“Research seeks to prove, evaluation seeks to improve…”—M. Patton
Training program evaluators are familiar with the task of proving the effectiveness of training. It’s typically with satisfaction data and other (mostly subjective) information from participants and participants’ supervisors that we use to prove training’s value.
In my work to create a new evaluation model for training programs and projects, I began to wonder if we really are proving training’s value. Are we really proving anything with the data we collect? I submit to you that we are not...nor should we.
Why? Because evaluation data is not for proof…it’s for use.
Evaluation Research vs Scientific Research
While “scientific research” refers to the scientific method of research, “evaluation research”, sometimes called program evaluation, refers to a research purpose rather than a specific method.
The purpose of training evaluation or evaluation of learning and talent development programs is to critically examine a course or program from multiple perspectives. Each perspective, then, makes value judgments (merit, significance & worth) about the course, program, project intervention or event. The value judgments result in one or more stakeholders or groups of stakeholders:
Taking an action on the program
Improving some aspect of the program (e.g., adding more interaction),
Making a business decision about the program (e.g., increasing or decreasing funding)
Learning from the program (e.g. this course is more effective face-to-face than it is online), and/or
Demonstrating program value (e.g., Chief learning officers see the multiple ways this program strengthens their reputation across government)
The evaluation purposes above speak to the reasons why we evaluate our training programs. Each perspective makes a value judgment then takes an action or makes a decision based on that judgment.
Scientific research seeks to validate (or deem invalid) certain models or “truths” about the world. Training program evaluation research seeks to correlate the program with value created in the world.
The Evaluation Design Model
Learning does not happen in a vacuum. It happens in a system. For the new evaluation design model, a system is:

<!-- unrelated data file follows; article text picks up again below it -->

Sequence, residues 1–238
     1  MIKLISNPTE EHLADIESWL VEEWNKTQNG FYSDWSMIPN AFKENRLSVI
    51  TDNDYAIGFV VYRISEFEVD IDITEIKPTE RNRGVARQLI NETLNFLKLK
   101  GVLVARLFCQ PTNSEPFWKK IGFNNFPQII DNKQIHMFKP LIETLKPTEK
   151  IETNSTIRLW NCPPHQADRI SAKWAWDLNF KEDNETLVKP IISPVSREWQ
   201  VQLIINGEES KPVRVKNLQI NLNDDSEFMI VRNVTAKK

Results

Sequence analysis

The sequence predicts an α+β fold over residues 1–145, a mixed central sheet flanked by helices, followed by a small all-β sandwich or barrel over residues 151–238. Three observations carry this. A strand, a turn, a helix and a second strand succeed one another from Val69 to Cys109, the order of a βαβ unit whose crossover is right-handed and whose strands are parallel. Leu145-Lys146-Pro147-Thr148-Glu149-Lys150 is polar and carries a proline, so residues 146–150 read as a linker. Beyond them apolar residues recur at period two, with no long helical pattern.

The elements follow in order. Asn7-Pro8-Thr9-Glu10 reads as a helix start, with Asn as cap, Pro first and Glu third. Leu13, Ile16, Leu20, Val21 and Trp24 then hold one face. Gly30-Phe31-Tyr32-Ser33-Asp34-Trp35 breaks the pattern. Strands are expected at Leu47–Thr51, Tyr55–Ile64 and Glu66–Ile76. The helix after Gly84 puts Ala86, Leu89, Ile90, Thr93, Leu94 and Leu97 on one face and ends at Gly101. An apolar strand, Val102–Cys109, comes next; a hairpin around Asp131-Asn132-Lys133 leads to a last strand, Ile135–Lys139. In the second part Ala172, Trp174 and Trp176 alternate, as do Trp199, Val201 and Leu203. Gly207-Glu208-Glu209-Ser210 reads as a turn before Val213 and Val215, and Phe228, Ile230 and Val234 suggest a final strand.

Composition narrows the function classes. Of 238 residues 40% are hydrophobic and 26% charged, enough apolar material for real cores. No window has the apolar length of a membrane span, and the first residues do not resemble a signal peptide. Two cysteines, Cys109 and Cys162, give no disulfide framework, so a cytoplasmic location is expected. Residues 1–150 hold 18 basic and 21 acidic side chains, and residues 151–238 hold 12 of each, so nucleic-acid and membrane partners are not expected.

With this definition a training program (or any learning intervention) is part of a system, so it must be understood this way to ensure an effective evaluation design model.
The new evaluation design model is comprised of 7 steps:
Engage with multiple perspectives
Frame evaluation boundaries
Determine evaluation method/s
Create criteria and questions
Collect credible evidence and artifacts
Ensure use and share lessons
This model honors the natural processes of learning and evaluation and increases the likelihood that your learning interventions are "technologies" and tools the learner (and interested stakeholders) use to create material value at work and outside of work. Steps four, five and six in the model include processes that identify and collect evidence of program effects to support the evaluation purpose/s.
Correlation, Not Causation
We as training program managers want very badly to say, “My training caused this behavior change”. Well, we can’t. Because we work with people, not objects, there is no way we can support causation of behavior change. Even with operant and classical conditioning, even if we ask, “Did this training cause a change in your behavior?” and the learner answers, “yes”, humans are too complex to say with absolute certainty that, “My training caused this behavior change”. The best we can do is gather enough evidence to correlate our programs with changes in individual behavior, performance and other effects.
Dr. John Mayne, an independent advisor on public sector performance, international development evaluation and results-based management, said, “We need to accept the fact that what we [evaluators] are doing is measuring with the aim of reducing uncertainty about the contribution made, not proving the contribution made.”
Berger and Calabrese (1975) define uncertainty as “having a number of possible alternative predictions or explanations”. Training program evaluators collect evidence for use by stakeholders in helping them reduce uncertainty (or increase predictability) of processes, objectives, and program outcomes.
The following learning objectives and outcomes are from the NYU School of Professional Studies, Project Management and Information Technology Program.
Upon completion of the MS in Project Management you will be able to demonstrate professional level competencies in the following key areas of project management and project management leadership.
Conduct project planning activities that accurately forecast project costs, timelines, and quality.
Implement processes for successful resource, communication, and risk and change management.
Demonstrate effective project execution and control techniques that result in successful projects.
Conduct project closure activities and obtain formal project acceptance.
Demonstrate effective organizational leadership and change skills for managing projects, project teams, and stakeholders
An evaluation of this program will include collection of data that reduces uncertainty for stakeholders that this program can be correlated with the bulleted behaviors.
So why is it important to make the case that evaluation is for use, not proof? When we look for correlation vs. proof we open ourselves up for more information. When we allow other aspects of the system to also have effect, we more honestly accept our role in the system to help produce value. Going from "what can I prove" to "What effects do I see" also optimizes the program. What other evidence exists for other stakeholders (outside the learner and the organization) that helps reduce uncertainty of correlation between this program and effects in the world?